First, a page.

3) You will receive better insight into your decisions.

Have you thought about what your current decisions might be costing you? An attorney often pressures clients into making decisions right away, so they can reach a settlement and move on. However, this decision does not always allow you to think through all of the possible ramifications of making a hasty decision about your finances or property settlement.

Your DFA wants you to understand all of the future implications of the decisions that you make. He or she can walk you through what it means for you at this present moment, what you might be giving up, and what a potential decision means for your financial future.

4) You can keep receiving help after the divorce is finalized.

The instant the signatures are dry and the paperwork is filed, your attorney is done with your case. However, a DFA continues helping you, even after the divorce is officially over. He or she can help you effectively set up your new budget and manage your alimony or child support payments.

You might even find that you need help with basic financial tasks, such as setting up retirement savings accounts and handling your taxes. Particularly if your spouse always handled your money, you might find yourself at a loss with some of these new chores.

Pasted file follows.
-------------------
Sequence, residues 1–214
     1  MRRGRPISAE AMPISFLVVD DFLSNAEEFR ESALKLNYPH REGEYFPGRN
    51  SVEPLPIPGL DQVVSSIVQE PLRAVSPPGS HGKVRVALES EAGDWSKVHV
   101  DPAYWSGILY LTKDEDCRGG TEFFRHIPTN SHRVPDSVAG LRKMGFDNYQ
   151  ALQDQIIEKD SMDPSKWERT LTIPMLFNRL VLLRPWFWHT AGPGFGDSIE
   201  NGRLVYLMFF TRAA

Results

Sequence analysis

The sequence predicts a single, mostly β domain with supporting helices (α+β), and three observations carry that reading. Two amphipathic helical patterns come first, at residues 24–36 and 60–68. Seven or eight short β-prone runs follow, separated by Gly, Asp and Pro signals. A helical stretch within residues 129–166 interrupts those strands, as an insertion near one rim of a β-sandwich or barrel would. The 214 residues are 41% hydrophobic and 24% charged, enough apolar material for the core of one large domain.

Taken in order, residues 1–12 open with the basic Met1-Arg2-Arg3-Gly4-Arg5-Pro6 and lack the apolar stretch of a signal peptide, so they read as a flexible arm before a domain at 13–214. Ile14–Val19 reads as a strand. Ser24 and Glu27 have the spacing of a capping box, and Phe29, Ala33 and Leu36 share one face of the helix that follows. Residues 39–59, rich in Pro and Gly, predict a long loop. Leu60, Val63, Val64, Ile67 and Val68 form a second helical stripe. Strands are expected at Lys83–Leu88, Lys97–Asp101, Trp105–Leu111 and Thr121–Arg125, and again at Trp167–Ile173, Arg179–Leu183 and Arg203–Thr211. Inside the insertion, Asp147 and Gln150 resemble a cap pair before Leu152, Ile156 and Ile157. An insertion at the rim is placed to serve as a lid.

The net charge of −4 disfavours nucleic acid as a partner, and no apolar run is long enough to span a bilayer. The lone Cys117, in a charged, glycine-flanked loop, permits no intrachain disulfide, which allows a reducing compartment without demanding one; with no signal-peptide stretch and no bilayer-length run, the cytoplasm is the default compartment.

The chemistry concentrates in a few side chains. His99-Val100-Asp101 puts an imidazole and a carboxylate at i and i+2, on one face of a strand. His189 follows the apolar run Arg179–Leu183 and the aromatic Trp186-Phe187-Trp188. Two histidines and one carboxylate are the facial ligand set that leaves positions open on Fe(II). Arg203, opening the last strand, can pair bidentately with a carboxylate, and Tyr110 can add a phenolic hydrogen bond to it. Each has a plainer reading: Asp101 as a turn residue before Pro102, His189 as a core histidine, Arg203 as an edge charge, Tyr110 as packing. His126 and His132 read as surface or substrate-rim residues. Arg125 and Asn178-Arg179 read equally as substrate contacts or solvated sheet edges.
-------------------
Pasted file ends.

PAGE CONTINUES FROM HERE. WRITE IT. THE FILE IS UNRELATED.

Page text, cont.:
When your attorney is long gone, your DFA will still be around to help.

5) A DFA can help you manage your new future.
Many times, people get very caught up in the day-to-day tasks of their post-divorce lives. A DFA can prompt you to start looking ahead to what could occur next. For instance, he or she can give you advice about reinvesting your money in retirement accounts and real estate.

You have to remember that you still have a future ahead of you, despite the emotional turmoil that you feel right now. A DFA can give you everything you need to start planning for a brighter financial future.

Conclusion: During divorce, a DFA can help level the playing field.

Attorneys handle the law, while financial experts handle the math. Divorce is a legal transaction, with important financial implications for your future. Although your attorney is an expert in your state’s laws, he or she is not necessarily a financial expert. In fact, most attorney’s service agreements will have you disclaim any financial responsibility. Therefore, if your attorney discourages you from hiring a DFA, it is a red flag.

A DFA can serve as an essential addition to your divorce team, whether or not you are going through litigation, mediation, arbitration, or a collaborative divorce process. As The Wall Street Journal identified, a DFA can help “watch out for tax snafus, help clients obtain health insurance after a split, and demystify tough-to-value private-equity or hedge-fund investments.”

If you have any financial questions or considerations, consider hiring a DFA to help you.